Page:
Steve Heinīs Personal Site



Some of My Beliefs

Some Stories From My Travels Around the World

PDF of Steve's Book EQ for Everybody - Condensed Version

Video of Me When I Had the Hostel In Montenegro

Some Links




For the past 18 years or so I have been traveling around the world. I have now been to about 60 countries. I believe I have a lot of experience to share with people. I share many of these experiences freely on my main website I have also been doing a lot of volunteer work, particularly with emotionally abused youth. From them I have learned a lot about emotional intelligence and emotional abuse.

On this site I have some of my beliefs and a few other miscellaneous things. I do most of my writing on the EQI site shown above. Besides emotional intelligence (both as I see it and as others are marketing it) and emotional abuse, I write about a lot of other things, many of which I wish I had been taught something useful about in school, such as how to listen to someone, and how to express my feelings in a healthier way.

S. Hein

Some of My Beliefs

To me, the highest goal for all of us is survival. It does not matter what color we are, what gender or what "nationality" we are. We are all here to work together to increase the chances that the human species will survive.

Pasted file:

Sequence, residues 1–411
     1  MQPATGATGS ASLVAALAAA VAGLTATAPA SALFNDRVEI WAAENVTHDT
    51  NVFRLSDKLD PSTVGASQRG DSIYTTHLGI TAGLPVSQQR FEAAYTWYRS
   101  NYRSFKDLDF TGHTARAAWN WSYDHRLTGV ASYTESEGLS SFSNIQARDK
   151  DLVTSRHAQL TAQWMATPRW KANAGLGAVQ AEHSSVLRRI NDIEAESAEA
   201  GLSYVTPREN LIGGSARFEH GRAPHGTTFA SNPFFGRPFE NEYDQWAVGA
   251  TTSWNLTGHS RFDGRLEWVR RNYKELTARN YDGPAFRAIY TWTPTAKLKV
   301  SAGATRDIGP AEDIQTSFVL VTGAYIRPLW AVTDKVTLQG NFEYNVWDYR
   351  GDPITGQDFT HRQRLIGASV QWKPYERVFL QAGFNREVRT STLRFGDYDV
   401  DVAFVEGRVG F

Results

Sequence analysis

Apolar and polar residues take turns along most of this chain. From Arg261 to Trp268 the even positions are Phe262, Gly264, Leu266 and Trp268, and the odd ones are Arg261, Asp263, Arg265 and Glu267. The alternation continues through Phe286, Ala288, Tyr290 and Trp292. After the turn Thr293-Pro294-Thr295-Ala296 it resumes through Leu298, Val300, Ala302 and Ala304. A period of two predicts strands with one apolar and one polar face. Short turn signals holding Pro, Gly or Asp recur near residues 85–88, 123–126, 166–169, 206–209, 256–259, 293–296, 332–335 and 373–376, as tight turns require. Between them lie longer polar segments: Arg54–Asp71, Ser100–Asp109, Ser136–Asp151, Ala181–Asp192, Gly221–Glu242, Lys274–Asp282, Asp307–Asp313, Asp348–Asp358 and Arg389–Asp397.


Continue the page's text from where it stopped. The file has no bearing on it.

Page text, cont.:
The best way to do that, I believe, is to help each other, not hurt each other. This is why I am opposed to war and punishment. I do not believe these are the ways to improve human life on earth. Nor do I think they are in line with the general trend of evolution.

I believe the reason people do things which we commonly refer to as sick and criminal is generally a result of their unmet emotional needs.

Instead of the concept of human "rights", I believe it is more accurate and more helpful to think in terms of individual needs. See Human Rights vs Individual Needs

I also believe we are here to solve problems -- problems which interfere with the survival of the species. The more problems we solve as adults, the fewer we pass on to children

Here are more of my thoughts for a new belief system and what I believe is the general trend of evolution.

Some of my beliefs about children

  • They have a very accurate sense of injustice.
  • They are good judges of character.
  • Children are born empathetic, approval-seeking, forgiving and cooperative. Rebellious and defiant children, like terrorists, are created not born. I don't believe children are born "evil" or born "sinners".
  • Each child has a different set of emotional needs. Children are more different emotionally than physically.
  • They naturally want to share things with adults, and they will continue to share things openly till they are punished or hurt for sharing
  • They will naturally tell the truth unless adults have frightened them into lying.
  • They need lots of physical touch and emotional acknowledgment and validation. Much more than they commonly get.
  • They all have a natural need to feel helpful, as well as the other natural human emotional needs which I have listed.

Some of my beliefs about teenagers

  • Teens have too little influence and control over their own lives.